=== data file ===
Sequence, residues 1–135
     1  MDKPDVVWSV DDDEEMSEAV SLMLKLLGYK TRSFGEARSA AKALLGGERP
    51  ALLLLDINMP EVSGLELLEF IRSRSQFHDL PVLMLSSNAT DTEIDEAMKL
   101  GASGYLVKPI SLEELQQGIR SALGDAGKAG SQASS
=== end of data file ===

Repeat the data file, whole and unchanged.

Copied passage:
Sequence, residues 1–135
     1  MDKPDVVWSV DDDEEMSEAV SLMLKLLGYK TRSFGEARSA AKALLGGERP
    51  ALLLLDINMP EVSGLELLEF IRSRSQFHDL PVLMLSSNAT DTEIDEAMKL
   101  GASGYLVKPI SLEELQQGIR SALGDAGKAG SQASS